One of the prominent issues in Sebi’s regulatory environment is of over-regulation of brokers. Brokers have to undergo several layers of inspection and audits throughout the year. The underlying impact of frequent audits and inspections every year increase the compliance costs, are time-consuming and are considered to be duplication of effort that may easily be carried by a nodal agency on behalf of all the stock exchanges, clearing corporations, depositories and regulators of the broker.

Repeated inspections, notices and requests for information distract the focus of the senior management and constrict the ability of brokers to expand operations without any gross or net benefit to society. A typical broker may be inspected in one year by three exchanges, three clearing corporations and two depositories, besides Sebi — each of these being duplicative. 

RIA has been carried out by Sebi, though in a limited scope, in a few situations. In fact, Sebi had initiated a process of introducing RIA in its board’s decision-making for introducing new regulations around 2007, but has since not been used routinely. A most remarkable impact of Sebi’s regulatory mandate was felt in the dematerialisation of shares. Though the initial costs imposed by the regulation was very high, Sebi phased the implementation of its proposal. As history stands testament, the benefits in the long-term have far outweighed the short-term costs (which was protested at that time).  

The benefits of RIA

Conducting an impact analysis is not a novel concept, or one whose importance may ebb with the passage of time. The calls for conducting such exercises on the larger regulatory environment, rather than just for securities regulations, have been growing for a while.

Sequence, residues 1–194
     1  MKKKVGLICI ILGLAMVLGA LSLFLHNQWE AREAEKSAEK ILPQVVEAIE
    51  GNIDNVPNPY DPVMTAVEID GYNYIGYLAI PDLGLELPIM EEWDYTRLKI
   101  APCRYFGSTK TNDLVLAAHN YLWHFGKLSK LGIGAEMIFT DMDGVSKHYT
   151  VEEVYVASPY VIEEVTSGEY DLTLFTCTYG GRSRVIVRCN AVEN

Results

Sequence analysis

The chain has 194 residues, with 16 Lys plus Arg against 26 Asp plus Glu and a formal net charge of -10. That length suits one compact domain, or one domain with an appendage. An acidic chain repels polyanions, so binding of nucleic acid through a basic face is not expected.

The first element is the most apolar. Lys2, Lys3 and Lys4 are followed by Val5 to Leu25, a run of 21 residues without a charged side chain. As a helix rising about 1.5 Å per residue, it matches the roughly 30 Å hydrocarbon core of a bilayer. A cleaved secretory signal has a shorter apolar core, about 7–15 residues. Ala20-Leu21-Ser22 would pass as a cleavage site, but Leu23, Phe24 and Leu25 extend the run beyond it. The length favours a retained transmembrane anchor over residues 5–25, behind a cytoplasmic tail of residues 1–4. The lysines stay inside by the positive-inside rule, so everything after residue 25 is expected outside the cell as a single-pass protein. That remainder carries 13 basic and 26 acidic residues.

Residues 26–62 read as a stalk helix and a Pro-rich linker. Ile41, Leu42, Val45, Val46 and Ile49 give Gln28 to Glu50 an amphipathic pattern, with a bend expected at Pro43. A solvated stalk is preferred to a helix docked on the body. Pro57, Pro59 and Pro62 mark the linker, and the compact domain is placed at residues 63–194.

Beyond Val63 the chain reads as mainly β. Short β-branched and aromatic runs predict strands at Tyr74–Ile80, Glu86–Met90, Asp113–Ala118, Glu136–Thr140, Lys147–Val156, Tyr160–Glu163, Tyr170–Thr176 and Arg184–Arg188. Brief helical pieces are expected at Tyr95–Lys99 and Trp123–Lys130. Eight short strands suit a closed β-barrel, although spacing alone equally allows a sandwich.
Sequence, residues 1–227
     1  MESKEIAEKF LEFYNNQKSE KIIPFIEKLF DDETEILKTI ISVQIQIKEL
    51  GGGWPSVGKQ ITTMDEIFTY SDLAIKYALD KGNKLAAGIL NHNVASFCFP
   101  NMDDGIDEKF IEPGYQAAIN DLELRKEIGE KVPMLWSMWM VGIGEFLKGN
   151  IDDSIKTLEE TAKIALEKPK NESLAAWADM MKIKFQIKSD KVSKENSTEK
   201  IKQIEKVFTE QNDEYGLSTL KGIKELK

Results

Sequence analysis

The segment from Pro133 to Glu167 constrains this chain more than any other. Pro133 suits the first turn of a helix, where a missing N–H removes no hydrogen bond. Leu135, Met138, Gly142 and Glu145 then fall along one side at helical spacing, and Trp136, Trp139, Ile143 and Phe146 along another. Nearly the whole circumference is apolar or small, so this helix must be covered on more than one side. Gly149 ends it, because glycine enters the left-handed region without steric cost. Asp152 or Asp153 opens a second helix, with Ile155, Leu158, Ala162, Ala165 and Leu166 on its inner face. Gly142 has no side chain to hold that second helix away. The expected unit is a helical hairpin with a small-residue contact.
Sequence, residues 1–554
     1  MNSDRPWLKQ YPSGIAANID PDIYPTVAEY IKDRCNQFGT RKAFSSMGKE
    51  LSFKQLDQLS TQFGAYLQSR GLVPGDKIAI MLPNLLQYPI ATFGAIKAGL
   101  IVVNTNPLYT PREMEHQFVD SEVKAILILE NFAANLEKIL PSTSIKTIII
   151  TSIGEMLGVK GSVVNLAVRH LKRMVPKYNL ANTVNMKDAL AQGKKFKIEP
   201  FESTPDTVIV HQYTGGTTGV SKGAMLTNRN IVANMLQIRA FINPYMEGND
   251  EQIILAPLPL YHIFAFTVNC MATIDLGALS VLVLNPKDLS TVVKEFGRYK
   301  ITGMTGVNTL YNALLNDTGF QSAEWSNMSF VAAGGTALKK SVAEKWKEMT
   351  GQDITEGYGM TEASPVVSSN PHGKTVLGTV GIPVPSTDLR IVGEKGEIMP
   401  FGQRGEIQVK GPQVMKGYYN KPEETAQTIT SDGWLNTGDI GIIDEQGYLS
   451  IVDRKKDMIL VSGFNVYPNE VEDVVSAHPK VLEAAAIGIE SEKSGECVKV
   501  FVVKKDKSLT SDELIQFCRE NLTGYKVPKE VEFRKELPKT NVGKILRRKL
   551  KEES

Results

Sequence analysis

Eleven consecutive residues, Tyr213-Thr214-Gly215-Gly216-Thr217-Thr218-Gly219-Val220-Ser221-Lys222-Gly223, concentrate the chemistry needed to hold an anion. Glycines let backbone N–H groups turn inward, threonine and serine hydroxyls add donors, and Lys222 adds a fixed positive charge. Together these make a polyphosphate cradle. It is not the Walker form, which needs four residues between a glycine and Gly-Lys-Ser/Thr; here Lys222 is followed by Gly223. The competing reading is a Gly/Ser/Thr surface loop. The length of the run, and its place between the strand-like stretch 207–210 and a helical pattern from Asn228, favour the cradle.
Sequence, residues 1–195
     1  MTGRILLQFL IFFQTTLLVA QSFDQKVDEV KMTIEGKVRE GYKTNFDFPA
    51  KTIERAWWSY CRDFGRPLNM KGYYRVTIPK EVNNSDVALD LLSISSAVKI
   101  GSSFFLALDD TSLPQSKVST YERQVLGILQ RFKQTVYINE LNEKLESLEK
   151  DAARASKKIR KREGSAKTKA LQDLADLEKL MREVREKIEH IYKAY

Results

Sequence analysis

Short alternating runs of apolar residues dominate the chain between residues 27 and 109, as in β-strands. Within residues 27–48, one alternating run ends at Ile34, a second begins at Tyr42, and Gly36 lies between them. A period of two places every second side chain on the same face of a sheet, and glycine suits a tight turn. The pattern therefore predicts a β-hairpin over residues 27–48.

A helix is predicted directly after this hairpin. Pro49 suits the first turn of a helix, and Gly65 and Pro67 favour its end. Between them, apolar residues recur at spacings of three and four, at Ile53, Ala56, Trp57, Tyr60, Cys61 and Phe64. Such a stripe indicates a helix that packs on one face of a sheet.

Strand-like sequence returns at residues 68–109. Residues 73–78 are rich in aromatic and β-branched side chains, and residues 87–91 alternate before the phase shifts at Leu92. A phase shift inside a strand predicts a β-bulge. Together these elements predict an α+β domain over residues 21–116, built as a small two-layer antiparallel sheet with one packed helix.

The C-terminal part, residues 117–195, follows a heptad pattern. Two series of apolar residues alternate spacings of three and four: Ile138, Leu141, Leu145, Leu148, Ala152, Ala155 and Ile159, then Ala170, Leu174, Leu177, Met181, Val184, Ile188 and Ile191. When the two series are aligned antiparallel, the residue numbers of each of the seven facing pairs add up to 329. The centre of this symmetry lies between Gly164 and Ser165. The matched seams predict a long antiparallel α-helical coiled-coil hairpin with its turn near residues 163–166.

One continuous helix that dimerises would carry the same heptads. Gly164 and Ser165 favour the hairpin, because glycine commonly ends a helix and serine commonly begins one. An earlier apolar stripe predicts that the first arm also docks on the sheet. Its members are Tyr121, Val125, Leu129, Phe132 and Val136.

RIA is primarily a methodological approach that allows for the ex-ante or ex-post outcomes to be assessed against the goals set for the regulation. A CBA is expected to help regulators and the concerned decision-makers think through what each proposed rule intends to accomplish and what the acceptable costs of achieving those objectives might be. An RIA will be an efficient method of identifying long-term costs and benefits as opposed to the immediate costs and benefits that are visible without it. This assumes importance since regulations are drafted to serve their purpose for considerable periods of time.

It must be understood that RIA is not against regulation. It is not against a decrease of regulatory authority either. What it stands for is smart regulation, where the regulator can develop mechanisms for enforcement of its mandate, achieve its objectives in a manner that costs the least and investigate and repeal provisions that place an unnecessary burden on entities without any justifiable benefit and, at the same time, reduce the larger economic costs. 

A participative and consultative RIA mechanism brings in a certain level of consistency in the regulatory framework while avoiding the possibility of overlap of regulatory reach, over-regulation of entities and distortion of competitive forces. By making clear the expected benefit, quantitative or qualitative, as well as the costs to be incurred, regulators will be better able to justify the imposition of rules and expect stronger, and possibly even voluntary, compliance by the entities they govern. 

The use of RIA is not merely semantics but forces a strong analytical framework for judging and introspecting before new regulations are introduced. Sebi and every regulator (financial or otherwise) should incorporate RIA along with the current public consultation process into every proposed regulation. This will create the seemingly impossible duality of better regulation with less regulation at the same time.